Why are football players paid so much?

The short answer is: supply and demand.
This page was last updated on 19 February 2019
Football players are more valuable than ever. The world’s best paid player, Lionel Messi, earns over £7 million a month. That’s nearly 600 times the salary of the Prime Minister. There is a method to this madness: the economic theory of supply and demand.

What is supply and demand?

Supply and demand is a bit like an economist’s version of the law of gravity. It decides how much everything costs: a cup of coffee, a house and even your salary. In this case, supply is the number of players talented enough to play in the top leagues such as the Premier League. Demand is the number of teams who want to buy the players.

Comparison of the average weekly salary for a bar worker, nurse, train driver, prime minister and football players

But why is Messi so well paid?

While there are plenty of football players, talents such as Messi are in short supply. In fact, only 180 of the 1.5 million players in organised English youth football will make it as Premier League pros.

The demand for talented football players is high as they increase the team’s chances of winning titles. Successful teams make more money from broadcasting rights, merchandise and ticket sales. Clubs have to compete for the best players by offering the highest wages. If a particular club was to offer lower wages, other clubs would simply outbid them.

Playing in the lower leagues pays less because there’s a higher supply of footballers. Demand for such players is also lower as they bring in less revenue for the club.

In 2014–15, the average League 1 player was paid just below £70,000 compared with an average wage of £1.7 million for a Premier League player.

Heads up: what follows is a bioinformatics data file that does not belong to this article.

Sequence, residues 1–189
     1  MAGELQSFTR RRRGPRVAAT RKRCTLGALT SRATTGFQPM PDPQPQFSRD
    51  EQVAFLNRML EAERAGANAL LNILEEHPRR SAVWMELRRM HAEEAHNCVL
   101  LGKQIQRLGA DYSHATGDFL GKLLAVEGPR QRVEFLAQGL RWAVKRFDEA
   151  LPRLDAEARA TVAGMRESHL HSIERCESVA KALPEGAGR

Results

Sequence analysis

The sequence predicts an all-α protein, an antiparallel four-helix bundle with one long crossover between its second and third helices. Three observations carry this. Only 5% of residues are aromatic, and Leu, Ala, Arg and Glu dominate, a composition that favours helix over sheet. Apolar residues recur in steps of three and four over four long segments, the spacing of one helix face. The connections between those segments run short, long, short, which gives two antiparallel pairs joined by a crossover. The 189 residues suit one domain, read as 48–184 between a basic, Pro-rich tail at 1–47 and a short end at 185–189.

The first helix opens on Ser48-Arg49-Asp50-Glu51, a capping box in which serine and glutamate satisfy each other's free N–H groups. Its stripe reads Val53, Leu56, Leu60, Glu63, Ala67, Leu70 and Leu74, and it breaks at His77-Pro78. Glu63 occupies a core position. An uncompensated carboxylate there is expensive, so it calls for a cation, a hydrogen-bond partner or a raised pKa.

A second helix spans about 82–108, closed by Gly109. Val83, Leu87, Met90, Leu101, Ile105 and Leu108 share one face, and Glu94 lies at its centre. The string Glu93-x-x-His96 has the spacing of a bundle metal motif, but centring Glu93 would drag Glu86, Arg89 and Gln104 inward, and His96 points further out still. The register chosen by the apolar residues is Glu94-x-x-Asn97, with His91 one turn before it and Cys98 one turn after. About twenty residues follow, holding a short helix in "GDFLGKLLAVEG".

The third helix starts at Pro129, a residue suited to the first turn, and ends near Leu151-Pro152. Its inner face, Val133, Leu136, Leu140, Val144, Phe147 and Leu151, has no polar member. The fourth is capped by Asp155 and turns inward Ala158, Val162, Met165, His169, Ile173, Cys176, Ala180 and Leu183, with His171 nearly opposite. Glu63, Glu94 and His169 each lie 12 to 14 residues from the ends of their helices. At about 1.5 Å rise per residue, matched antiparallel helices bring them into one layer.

Bank of England's explainer on why footballers are paid so much?

Why have footballers’ wages increased so much?

Players are being paid increasingly high wages because the clubs are making more money than ever. As a result of globalisation and technological advances such as the pay TV market, football has become more popular and so more profitable. The rights for the first seasons of the Premier League in 1992–97 sold for less than £200 million. The TV rights for 2016–19 are, in comparison, worth more than £5 billion.

If people lost interest in football, clubs would not be able to make such high profits. The demand for players would drop and so would their wages.

Since the Premiere League's foundation in 1992, TV income has gradually increased from £191 million at its foundation to £514 billion for the 2016-19 seasons, although there was a slight dip of almost £200 million for the seasons between 2004-07.

How does this apply to the rest of the economy?

Supply and demand affect all of our salaries. For some jobs, many people have the right skills, and so companies don’t need to compete for workers. They can hire people without offering high wages.

A job will also be low-paid if the role does not earn much money for the firm, making a higher wage unprofitable.

For other jobs, finding suitable people is hard. Employers have to compete for the best workers. As with professional footballers, they are willing to pay a lot if the job allows the company to make more money.

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